Equal parts screwball comedy and neo-classic Greek tragedy, "Fallen Arches" is yet another riff on the mob. Helmer Ron Cosentino does a nice job balancing conflicting tones, but in a time of gangster-saturated entertainment, pic may not be edgy enough to find life beyond the festival circuit.

Equal parts screwball comedy and neo-classic Greek tragedy, “Fallen Arches” is yet another riff on the mob. Helmer Ron Cosentino does a nice job balancing conflicting tones, but in a time of gangster-saturated entertainment, pic may not be edgy enough to find life beyond the festival circuit.

Saddled with an alcoholic mother (Karen Black) and an irresponsible younger brother, Frankie (Justin Louis), streetwise Duke Romano (Carmine D. Giovinazzo) tries to protect his family. But he can’t prevent Frankie from making a colossally bad decision — robbing a truckload of designer shoes from hot-tempered local mob boss Nicky Kaplan (Richard Portnow). When Nicky unleashes his henchmen to find the shoe thief, Frankie desperately tries to save himself — but the cards have been dealt. With an emphasis on dark pool halls and airless hideouts, Alejandro Rivera’s stylish production design gives contempo L.A. a retro, noirish look, nicely echoed in Portnow’s characterization. The brothers’ close, doomed relationship is pic’s most poignant element, and perfs are solid all around.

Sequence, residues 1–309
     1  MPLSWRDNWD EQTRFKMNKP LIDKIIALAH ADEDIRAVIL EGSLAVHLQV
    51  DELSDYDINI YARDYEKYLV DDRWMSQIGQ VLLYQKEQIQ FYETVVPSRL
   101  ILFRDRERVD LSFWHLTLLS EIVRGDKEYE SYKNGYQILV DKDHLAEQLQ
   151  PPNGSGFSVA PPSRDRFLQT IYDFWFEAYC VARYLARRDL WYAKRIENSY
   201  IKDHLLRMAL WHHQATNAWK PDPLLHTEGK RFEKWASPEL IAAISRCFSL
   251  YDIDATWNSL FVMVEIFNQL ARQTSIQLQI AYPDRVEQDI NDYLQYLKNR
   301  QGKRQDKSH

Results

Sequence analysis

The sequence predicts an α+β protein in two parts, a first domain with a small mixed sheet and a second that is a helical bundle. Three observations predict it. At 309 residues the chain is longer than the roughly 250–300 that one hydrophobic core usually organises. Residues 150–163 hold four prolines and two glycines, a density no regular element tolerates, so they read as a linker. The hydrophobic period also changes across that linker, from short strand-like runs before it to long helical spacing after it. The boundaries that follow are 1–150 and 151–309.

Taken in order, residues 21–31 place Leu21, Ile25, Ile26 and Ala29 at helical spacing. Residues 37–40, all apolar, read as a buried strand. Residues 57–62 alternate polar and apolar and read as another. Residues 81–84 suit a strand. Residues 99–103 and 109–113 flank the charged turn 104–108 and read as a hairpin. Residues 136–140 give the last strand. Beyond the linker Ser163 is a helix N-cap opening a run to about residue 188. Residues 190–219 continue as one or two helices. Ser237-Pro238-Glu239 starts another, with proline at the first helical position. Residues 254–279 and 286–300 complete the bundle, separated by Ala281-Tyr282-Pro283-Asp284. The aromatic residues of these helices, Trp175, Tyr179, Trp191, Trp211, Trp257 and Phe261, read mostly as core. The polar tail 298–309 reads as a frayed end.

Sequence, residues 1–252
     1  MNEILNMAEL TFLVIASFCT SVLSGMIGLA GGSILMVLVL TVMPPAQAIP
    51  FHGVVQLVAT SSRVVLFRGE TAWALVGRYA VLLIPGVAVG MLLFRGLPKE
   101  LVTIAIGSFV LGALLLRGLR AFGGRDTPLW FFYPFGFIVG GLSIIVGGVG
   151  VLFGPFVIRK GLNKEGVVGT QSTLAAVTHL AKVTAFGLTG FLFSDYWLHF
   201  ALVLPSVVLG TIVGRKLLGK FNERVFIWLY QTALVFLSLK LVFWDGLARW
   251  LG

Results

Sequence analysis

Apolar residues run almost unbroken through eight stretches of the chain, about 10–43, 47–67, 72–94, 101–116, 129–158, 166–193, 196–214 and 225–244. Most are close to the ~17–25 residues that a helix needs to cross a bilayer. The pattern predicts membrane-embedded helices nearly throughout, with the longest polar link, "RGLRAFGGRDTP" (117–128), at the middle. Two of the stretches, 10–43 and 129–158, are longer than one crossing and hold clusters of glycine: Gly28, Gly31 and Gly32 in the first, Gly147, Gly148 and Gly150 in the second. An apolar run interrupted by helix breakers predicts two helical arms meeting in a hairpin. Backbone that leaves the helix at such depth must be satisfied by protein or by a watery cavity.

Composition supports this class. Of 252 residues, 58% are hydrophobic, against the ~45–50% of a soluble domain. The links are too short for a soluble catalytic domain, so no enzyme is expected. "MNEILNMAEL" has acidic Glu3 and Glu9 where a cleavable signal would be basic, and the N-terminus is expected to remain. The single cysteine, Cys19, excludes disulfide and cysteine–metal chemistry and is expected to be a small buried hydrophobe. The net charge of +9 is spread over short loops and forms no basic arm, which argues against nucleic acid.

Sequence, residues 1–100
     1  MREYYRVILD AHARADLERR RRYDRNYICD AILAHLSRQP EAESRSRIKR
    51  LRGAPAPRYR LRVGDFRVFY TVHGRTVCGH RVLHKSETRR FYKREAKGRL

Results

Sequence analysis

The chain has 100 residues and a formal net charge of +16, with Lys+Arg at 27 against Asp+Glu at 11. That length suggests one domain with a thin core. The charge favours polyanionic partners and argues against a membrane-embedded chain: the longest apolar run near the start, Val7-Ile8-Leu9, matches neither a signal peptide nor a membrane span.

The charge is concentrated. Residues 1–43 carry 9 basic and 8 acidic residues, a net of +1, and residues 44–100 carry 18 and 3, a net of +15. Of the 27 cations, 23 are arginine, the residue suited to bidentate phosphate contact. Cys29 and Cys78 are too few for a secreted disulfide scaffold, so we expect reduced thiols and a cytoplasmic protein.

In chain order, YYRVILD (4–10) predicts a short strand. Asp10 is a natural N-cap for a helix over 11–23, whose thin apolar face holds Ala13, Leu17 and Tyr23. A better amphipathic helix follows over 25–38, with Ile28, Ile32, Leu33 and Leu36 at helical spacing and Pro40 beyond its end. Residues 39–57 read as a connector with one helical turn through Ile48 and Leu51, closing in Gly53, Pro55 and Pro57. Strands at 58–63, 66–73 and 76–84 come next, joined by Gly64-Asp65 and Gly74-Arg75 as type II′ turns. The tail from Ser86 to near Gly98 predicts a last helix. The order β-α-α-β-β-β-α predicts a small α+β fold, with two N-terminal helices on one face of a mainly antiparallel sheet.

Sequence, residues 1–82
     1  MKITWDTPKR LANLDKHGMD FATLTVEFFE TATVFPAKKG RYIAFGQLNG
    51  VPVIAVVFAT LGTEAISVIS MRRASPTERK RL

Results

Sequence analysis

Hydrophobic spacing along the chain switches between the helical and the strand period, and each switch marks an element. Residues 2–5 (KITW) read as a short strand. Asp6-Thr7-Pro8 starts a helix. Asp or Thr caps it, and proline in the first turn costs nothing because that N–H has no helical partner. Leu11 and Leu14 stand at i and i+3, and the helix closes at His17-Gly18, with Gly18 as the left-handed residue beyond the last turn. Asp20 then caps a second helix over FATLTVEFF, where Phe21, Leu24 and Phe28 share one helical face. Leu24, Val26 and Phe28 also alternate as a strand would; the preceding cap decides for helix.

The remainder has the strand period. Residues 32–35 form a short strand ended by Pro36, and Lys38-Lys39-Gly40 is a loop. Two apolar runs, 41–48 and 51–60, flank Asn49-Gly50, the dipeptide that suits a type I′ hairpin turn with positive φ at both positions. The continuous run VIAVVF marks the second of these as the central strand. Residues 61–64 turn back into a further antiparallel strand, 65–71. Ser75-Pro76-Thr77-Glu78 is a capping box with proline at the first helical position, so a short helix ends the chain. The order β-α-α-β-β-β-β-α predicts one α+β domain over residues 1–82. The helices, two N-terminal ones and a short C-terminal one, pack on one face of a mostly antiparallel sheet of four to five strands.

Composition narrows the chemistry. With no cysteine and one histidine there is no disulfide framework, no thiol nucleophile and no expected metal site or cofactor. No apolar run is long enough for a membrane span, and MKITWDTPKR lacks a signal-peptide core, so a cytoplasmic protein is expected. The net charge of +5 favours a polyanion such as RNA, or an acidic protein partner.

Fallen Arches

Production

A Saraghina Film Co. presentation in association with Pemdola Prods. Produced by Libby Osborn, Ron Cosentino. Co-producer, Victor Cosentino. Directed, written, edited by Ron Cosentino. Camera (color), Darko Suvak; music, Rick Giovinazzo; production designer, Alejandro Rivera; costume designer, Aimee House. Reviewed at Palm Springs Film Festival, Jan. 15, 2000. Running time: 69 MIN.

With

With: Carmine D. Giovinazzo, Justin Louis, Karen Black, Peter Onorati, Richard Portnow.
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